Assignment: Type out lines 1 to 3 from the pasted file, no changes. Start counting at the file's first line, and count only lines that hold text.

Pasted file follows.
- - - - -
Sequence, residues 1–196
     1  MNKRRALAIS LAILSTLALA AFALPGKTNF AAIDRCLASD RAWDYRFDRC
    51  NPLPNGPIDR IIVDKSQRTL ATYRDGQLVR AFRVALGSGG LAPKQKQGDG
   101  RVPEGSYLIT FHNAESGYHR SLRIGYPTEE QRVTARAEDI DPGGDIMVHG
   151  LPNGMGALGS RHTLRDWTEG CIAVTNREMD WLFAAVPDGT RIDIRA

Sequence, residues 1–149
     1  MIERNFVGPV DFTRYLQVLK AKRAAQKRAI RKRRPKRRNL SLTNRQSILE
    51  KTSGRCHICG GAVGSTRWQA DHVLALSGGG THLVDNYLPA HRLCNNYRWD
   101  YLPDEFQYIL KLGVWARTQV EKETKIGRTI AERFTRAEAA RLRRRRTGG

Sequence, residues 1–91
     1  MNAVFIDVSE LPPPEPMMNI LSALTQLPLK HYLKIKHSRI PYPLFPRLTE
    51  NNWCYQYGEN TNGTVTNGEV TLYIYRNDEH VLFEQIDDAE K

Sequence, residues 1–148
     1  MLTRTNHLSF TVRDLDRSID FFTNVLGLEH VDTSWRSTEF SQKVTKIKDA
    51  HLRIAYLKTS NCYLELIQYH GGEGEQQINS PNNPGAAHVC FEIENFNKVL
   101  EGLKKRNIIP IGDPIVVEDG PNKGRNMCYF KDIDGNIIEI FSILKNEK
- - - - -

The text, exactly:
Sequence, residues 1–196
     1  MNKRRALAIS LAILSTLALA AFALPGKTNF AAIDRCLASD RAWDYRFDRC
    51  NPLPNGPIDR IIVDKSQRTL ATYRDGQLVR AFRVALGSGG LAPKQKQGDG